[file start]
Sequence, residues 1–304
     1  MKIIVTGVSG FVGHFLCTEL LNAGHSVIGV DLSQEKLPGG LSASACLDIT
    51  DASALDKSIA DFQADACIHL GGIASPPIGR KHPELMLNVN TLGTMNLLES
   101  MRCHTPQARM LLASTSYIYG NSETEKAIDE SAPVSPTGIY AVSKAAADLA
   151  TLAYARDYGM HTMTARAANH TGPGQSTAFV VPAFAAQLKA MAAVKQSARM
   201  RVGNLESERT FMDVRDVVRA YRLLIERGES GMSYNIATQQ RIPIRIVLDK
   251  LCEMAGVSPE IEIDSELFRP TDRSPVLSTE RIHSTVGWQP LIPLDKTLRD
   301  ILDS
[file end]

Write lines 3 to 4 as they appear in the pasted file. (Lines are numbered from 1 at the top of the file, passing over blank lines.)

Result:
    51  DASALDKSIA DFQADACIHL GGIASPPIGR KHPELMLNVN TLGTMNLLES
   101  MRCHTPQARM LLASTSYIYG NSETEKAIDE SAPVSPTGIY AVSKAAADLA